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Re: package updates for in all repos at the same time (Was: Incoming: directfb soname problems)



On Sun, 14 May 2006 17:21:00 +0200, Thorsten Leemhuis wrote:

> But we simply could use the current scheme
> until then: packages foo1 and foo2 are build and a particular point in
> time and pushed to the testing repo together and another point of time.
> bar1 and bar2 get build some days later and also pushed to testing
> together. Five days after foo1 and foo2 were pushed both pacakgers are
> moved from testing to the proper repo. bar1 and bar2 would follow
> together five days after their push.

foo1 and foo2 break dependencies in extras-testing. :)

Let's assume extras-testing is covered by a repoclosure report. Still,
only after 2-3 days a real user gets nervous and reports the breakage.  A
day later another packager, who receives the reports, rebuilds his
packages bar1 and bar2 to fix the broken deps and pushes the builds into
extras-testing. So, how do you forward the entire set into extras finally?
If it's done automatically, foo1 and foo2 are pushed several days before
bar1 and bar2. (yes, it needs somebody to push all four packages at once,
something that has failed several times before for Core, btw)
(Or Possibly you want to resolve all deps automatically, but
in that case it might happen that foo1 is 7 days old, while baz2 has
just been built, and then you might wait to give the set some longer
testing)

Conclusively, what we need to shield our users from broken updates is more
careful packagers, more communication and coordination of upgrades which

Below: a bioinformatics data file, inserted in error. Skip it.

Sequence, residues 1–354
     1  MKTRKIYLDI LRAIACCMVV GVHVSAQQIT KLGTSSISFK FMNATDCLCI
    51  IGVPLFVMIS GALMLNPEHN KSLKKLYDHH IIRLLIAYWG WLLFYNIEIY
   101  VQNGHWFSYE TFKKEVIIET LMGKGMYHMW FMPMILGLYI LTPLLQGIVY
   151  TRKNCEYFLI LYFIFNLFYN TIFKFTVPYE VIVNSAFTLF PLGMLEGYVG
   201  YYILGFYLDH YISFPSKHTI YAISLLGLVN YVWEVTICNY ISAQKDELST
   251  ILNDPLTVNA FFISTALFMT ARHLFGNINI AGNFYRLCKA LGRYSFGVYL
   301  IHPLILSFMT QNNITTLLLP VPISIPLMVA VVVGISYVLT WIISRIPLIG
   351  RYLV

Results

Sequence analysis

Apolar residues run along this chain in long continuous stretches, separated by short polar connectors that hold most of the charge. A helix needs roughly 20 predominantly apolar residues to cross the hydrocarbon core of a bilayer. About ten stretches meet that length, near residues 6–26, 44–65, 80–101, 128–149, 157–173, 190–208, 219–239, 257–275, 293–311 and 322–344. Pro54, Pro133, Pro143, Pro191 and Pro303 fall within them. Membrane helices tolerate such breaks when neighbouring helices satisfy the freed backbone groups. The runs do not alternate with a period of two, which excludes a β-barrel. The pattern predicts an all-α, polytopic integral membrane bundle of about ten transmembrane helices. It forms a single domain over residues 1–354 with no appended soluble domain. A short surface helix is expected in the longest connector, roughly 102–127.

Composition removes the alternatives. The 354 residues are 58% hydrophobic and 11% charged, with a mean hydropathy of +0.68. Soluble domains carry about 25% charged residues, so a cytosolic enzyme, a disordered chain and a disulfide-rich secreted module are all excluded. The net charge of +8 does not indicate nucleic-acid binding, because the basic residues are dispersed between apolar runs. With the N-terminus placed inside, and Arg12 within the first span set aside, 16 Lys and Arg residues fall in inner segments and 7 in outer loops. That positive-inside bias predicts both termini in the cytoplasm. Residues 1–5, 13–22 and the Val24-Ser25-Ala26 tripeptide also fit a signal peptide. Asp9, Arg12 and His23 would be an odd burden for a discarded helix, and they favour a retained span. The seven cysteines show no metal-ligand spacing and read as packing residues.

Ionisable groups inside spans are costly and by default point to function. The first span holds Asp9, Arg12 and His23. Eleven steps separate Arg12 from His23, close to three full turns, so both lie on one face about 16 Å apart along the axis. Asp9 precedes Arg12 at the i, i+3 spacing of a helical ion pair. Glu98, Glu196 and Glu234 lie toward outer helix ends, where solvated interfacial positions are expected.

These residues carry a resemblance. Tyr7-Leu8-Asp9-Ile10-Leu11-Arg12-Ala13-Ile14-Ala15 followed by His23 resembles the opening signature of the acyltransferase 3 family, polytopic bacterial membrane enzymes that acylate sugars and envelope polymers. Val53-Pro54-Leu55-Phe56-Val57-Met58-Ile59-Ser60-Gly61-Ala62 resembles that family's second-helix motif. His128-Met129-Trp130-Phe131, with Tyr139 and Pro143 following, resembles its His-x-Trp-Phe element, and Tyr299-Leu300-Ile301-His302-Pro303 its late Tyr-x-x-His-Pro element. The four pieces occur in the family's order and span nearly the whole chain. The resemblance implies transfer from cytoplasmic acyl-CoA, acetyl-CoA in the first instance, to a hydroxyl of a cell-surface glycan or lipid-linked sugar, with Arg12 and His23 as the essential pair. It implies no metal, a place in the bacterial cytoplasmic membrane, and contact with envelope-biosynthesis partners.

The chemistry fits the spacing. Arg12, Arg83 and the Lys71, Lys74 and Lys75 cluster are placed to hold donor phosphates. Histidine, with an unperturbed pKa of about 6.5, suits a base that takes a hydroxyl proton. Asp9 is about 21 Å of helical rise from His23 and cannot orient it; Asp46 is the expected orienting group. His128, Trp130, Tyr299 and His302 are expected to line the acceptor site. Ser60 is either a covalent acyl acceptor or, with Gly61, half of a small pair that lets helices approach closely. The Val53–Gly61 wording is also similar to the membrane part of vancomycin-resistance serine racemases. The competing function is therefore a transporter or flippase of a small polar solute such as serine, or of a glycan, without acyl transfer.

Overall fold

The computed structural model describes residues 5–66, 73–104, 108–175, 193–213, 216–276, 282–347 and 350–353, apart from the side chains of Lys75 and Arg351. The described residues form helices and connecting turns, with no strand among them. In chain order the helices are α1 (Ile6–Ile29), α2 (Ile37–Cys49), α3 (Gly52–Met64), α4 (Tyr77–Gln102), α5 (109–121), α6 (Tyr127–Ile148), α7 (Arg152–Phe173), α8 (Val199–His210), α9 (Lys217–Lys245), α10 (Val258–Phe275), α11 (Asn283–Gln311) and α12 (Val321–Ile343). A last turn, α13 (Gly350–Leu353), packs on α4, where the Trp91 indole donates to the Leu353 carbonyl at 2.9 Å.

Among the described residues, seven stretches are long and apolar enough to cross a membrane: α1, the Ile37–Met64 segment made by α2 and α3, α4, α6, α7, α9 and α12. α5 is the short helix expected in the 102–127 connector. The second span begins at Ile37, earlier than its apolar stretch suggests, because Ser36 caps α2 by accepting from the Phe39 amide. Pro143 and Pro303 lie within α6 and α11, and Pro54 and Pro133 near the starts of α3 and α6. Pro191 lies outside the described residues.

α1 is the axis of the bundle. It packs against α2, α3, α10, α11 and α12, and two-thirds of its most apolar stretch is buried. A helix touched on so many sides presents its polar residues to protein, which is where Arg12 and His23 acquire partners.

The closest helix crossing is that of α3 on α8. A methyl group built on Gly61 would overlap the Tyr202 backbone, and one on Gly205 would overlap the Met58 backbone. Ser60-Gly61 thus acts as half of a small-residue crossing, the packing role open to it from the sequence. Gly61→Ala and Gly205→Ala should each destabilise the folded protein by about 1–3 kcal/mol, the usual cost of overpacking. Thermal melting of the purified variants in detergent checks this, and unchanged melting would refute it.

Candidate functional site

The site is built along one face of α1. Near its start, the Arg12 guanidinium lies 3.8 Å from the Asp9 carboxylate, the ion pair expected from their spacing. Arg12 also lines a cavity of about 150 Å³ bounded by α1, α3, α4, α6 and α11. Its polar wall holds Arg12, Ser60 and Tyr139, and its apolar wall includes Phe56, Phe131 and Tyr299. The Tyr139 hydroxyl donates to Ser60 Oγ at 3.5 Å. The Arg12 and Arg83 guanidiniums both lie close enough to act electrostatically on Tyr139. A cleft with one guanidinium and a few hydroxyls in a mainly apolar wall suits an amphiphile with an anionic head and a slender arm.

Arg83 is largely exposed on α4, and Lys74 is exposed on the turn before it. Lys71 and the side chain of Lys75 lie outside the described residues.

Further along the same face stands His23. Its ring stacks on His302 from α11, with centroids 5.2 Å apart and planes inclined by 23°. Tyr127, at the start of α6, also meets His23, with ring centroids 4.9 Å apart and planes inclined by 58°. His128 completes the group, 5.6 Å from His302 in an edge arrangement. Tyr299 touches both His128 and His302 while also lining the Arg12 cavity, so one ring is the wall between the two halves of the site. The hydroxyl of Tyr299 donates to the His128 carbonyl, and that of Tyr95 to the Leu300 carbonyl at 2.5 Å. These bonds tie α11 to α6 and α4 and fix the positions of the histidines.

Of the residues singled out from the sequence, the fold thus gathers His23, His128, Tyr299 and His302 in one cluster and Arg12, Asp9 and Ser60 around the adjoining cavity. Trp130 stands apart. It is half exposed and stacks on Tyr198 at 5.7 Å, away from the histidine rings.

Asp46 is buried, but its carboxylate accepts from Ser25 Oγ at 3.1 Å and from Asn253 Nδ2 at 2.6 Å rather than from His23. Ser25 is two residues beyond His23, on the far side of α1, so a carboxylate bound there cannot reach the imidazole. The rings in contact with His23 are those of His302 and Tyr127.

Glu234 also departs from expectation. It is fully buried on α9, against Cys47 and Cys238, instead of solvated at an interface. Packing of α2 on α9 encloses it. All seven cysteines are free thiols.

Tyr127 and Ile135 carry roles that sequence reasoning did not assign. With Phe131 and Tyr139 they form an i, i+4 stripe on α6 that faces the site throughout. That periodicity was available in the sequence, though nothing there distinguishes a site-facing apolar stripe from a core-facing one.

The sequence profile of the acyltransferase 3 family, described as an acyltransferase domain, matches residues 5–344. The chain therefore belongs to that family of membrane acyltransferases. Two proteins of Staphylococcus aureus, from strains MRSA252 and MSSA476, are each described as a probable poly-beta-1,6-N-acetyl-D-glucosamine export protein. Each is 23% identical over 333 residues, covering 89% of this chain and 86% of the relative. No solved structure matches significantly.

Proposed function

affect dependencies, and convenient access to a scratch target in the
buildsys, so not every packager must set up mock and local mirrors of
multiple distribution releases. And of course guidelines and hints on how
to avoid common upgrade mistakes (like SONAME changes).

> >  So, Extras packagers must watch another moving target?
> 
> What do they have to watch precisely? I only seem problems when some
> packages are pushed directly to the repo. That should only happen for
> security issues -- we IMHo should be able to handle that.

As soon as any package, which has dependencies in Extras (whether at
build-time or run-time, doesn't matter), is pushed into extras-testing,
the affected Extras packagers must do their own preparations and testing
against the new stuff in _extras-testing_. And unfortunately, they have
the choice between two build targets now, "extras" and "extras-testing",
which gets particularly funny when security fixes join the show.

I smell chaos and extra burden.

Think fedora.us unstable/testing/stable. At first we liked it, and
possibly considered the classification of new packages as helpful. It was
less easy for version upgrades, cvs snapshots and added packages to reduce
the total number of installable/usable packages in the main repository
through breakage. And we had to fill the repository with more and more
packages without being confronted with breakage too often. But what has
happened later? At least "testing" became quite crowded and made it more
difficult to concentrate on the packages we wanted to see in use by our
users. To decide whether test packages were good enough, developers and
users needed to run "stable" and "testing", getting the entire mix of
packages. And that is ugly. At the current pace updates are pushed out at
Fedora Extras, extras-testing would be filled with packages constantly.


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